5. Twelve Oaks
In the novel Gone with the Wind by Margaret Mitchell, Twelve Oaks is the plantation home of the Wilkes family and is named so after the twelve great oak trees that surround the family mansion in an almost perfect circle.
Twelve Oaks is described as a “beautiful white-columned house that crowned the hill like a Greek Temple.” Mitchell modelled Twelve Oaks after an actual antebellum mansion located in the historic area of Covington, Georgia, hence the true southern charm the home emits.
The actual home that was portrayed as Twelve Oaks in the film Gone with the Wind has been renovated and is now open as a bed and breakfast in Covington, Georgia, thirty minutes east of Atlanta.
6. Brandy Hall
In J. R. R. Tolkien’s fictional universe of Middle-earth, the Brandybuck clan was a powerful Hobbit family. On the eastern side of the Brandywine River they built their home, Brandy Hall. Brandy Hall is a giant network of tunnels, and the people who live in it (the Bucklanders) practically form their own country.
But its not just Tolkien fans who could be inspired by this house name, ‘Brandy’ is delves from the word ‘Branda’, meaning ‘border,’ so if you live on the boundary you may take inspiration too.
7. Collinwood Mansion
So I’ve cheated a bit here, as the ‘Dark Shadows’ novels by Marylin Ross are actually based on a TV series, so Collinwood Mansion maybe isn’t quite inspired by literature but it does feature in numerous paperback novels so it made the list.
Built in 1795 by Joshua Collins, Collinwood has been home to the Collins family (and other sometimes unwelcome supernatural visitors) since it was built. The house is located near the town of Collinsport, Maine, overlooking the Atlantic Ocean. Almost every resident of the town is too scared to even drive by the house due to rumors and tales surrounding the house.
It has more than 40 rooms including a tower room and basement. But to add even more gothic spookiness to the mansion, it has more than a few secret passageways and a room that is a gateway to a parallel timeline. Heightening the spookiness even more is a stairway through time and one room that appears to be a playroom to some but nothing more than a linen closet to others.
So, if you own a gothic mansion or are a vampire or maybe just a fan of the supernatural, then taking inspiration from Collinswood maybe for you.
8. Villa Villekulla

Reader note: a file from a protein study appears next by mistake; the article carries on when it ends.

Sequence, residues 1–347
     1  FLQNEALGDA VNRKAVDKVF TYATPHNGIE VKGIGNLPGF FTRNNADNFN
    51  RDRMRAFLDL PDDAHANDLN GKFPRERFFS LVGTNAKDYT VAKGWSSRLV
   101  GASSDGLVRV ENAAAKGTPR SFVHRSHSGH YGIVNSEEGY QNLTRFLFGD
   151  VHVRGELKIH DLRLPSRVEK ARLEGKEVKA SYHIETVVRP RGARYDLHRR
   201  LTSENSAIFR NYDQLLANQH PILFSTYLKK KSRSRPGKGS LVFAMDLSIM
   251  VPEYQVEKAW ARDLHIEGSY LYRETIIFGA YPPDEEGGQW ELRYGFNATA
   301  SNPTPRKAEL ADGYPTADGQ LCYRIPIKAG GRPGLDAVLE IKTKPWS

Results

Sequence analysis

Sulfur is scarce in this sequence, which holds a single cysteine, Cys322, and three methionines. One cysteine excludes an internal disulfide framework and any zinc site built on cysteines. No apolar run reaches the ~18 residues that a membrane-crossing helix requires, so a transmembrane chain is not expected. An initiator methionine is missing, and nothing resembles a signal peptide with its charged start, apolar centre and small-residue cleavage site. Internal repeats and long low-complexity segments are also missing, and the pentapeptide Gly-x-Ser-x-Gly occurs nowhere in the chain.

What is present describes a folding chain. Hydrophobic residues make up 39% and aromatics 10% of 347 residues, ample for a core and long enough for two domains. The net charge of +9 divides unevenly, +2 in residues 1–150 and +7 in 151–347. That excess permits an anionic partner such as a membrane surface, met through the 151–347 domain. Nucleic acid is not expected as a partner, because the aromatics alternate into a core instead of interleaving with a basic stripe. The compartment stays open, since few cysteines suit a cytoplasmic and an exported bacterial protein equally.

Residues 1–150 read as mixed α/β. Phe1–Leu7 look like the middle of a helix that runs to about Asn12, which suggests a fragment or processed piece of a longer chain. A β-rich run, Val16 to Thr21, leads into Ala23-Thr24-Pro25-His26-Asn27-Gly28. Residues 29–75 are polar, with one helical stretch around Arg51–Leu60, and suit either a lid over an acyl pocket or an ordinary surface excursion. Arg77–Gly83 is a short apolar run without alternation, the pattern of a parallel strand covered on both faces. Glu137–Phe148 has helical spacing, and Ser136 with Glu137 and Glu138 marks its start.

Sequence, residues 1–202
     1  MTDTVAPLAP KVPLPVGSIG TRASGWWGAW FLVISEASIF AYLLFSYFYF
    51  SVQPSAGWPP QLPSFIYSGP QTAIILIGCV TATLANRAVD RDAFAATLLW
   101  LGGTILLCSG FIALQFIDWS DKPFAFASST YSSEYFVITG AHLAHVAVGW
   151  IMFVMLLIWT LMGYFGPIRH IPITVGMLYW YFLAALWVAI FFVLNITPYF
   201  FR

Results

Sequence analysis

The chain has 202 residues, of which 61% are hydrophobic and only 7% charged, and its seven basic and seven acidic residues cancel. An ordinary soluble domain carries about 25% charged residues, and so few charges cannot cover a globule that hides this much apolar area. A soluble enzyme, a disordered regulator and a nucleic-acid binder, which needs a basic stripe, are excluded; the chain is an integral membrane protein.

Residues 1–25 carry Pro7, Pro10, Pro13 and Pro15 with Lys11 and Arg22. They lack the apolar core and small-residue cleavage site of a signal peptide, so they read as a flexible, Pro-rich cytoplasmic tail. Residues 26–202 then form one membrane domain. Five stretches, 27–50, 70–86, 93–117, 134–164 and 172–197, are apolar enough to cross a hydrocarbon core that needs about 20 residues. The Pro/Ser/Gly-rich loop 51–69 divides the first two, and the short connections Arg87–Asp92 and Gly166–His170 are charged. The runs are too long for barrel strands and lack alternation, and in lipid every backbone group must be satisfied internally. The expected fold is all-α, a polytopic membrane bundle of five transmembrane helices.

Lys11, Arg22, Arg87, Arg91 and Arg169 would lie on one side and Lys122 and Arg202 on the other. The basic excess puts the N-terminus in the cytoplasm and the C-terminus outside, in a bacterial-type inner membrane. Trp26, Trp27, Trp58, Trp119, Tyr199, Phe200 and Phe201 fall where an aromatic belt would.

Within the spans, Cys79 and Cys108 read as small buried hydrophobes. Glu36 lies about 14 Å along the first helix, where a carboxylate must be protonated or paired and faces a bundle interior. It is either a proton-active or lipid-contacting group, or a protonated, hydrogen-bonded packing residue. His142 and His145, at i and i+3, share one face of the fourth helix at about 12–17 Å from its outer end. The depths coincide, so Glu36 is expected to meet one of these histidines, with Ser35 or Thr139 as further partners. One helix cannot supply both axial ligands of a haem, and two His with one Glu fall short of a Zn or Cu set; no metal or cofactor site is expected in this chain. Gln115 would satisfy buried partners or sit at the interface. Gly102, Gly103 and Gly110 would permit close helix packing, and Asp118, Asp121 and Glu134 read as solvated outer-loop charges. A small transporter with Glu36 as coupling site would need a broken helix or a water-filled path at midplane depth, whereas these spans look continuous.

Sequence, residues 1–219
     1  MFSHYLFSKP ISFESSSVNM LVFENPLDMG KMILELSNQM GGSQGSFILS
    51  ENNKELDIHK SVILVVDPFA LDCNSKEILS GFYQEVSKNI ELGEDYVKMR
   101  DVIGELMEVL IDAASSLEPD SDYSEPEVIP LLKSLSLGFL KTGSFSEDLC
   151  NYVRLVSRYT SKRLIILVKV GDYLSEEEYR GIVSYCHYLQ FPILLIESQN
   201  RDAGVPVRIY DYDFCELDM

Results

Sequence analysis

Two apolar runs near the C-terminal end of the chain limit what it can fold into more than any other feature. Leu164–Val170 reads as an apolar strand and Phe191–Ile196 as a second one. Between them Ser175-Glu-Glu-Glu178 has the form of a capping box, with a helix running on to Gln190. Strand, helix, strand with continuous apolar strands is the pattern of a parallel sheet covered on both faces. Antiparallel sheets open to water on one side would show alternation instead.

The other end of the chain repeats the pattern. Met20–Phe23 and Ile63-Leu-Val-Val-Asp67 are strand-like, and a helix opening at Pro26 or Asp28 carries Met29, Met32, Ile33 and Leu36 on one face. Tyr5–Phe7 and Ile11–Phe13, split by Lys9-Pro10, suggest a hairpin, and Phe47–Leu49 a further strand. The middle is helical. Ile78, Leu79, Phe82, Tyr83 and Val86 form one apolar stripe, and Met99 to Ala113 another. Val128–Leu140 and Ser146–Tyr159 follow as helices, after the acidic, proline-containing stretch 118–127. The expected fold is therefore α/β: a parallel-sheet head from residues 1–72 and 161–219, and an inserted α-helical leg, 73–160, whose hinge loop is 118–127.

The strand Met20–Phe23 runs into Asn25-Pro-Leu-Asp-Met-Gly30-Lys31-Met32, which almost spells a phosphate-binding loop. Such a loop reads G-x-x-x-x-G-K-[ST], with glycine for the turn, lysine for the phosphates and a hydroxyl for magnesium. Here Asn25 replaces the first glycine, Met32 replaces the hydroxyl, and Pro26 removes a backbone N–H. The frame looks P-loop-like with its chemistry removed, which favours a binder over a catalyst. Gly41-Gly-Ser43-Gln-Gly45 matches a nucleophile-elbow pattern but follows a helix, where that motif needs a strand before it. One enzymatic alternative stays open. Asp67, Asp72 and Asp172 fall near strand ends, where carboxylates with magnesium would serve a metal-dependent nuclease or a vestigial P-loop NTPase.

On a far more lighthearted level, you may prefer to take inspiration from the fictional home of Pippi Longstocking. Villa Villekulla was the fun looking home of Pippi and her pet horse and monkey, Mr Nilsson.
The “real” house used in the popular TV series can be found in the leisure park “Kneippbyn” on the island of Gotland in Sweden.
9. The Gables
Anne of Green Gables is a classic in the world of childrens literature. Written in 1908 by Lucy Maud Montgomery, Anne of Green Gables harks back to a charmingly simpler time.
In reality, the Green Gables farm was owned by the MacNeill family, who were cousins of author Lucy Maud Montgomery. The farm’s name is derived from the rich dark green paint of the gables on the farmhouse. The main exterior walls of the farmhouse are painted white and the whole farm has a wholesome feel to it. From visiting the farm as a child, Montgomery drew romantic inspiration from the house and the surrounding area, including the “Haunted Woods”, “Lovers’ Lane”, and “Balsam Hollow.”
If you hanker after a time gone by and yearn for a more homely slower paced life or even if your home simply has some pretty gable ends, then taking inspiration from this is a good idea.
10. Howard’s End
In the novel Howard’s End, the theme of ‘home’ is extremely important. This is why the novel is named after the one stable place any of the characters can call home. To some, houses are merely bricks and a good investment but to others, the dream of having their own home seems impossible. Margaret, the protagonist yearns for a home to call her own and to feel a connection with. At the end of the novel, it seems it is her fate to inherit Howard’s End and her dream come true. Therefore the house name Howard’s End resembles hope, new beginnings and indicates a real love of your home.
Once you have decided on a name be sure to take a look at www.housenameplate.co.uk to see their vast range of traditional and modern house nameplates. You can choose from a wide range of high quality materials, such as: